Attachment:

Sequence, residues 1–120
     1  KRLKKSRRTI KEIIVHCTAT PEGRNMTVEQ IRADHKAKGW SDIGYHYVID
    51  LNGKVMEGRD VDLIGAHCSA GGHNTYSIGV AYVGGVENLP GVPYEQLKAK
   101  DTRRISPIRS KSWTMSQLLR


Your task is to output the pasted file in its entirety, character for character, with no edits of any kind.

Sequence, residues 1–120
     1  KRLKKSRRTI KEIIVHCTAT PEGRNMTVEQ IRADHKAKGW SDIGYHYVID
    51  LNGKVMEGRD VDLIGAHCSA GGHNTYSIGV AYVGGVENLP GVPYEQLKAK
   101  DTRRISPIRS KSWTMSQLLR